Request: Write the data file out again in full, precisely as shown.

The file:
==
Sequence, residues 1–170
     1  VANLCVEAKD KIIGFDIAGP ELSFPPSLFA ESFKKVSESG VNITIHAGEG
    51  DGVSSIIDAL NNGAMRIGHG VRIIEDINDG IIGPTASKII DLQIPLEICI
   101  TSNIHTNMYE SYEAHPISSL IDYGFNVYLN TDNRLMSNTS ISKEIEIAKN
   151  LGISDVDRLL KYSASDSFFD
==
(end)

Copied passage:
Sequence, residues 1–170
     1  VANLCVEAKD KIIGFDIAGP ELSFPPSLFA ESFKKVSESG VNITIHAGEG
    51  DGVSSIIDAL NNGAMRIGHG VRIIEDINDG IIGPTASKII DLQIPLEICI
   101  TSNIHTNMYE SYEAHPISSL IDYGFNVYLN TDNRLMSNTS ISKEIEIAKN
   151  LGISDVDRLL KYSASDSFFD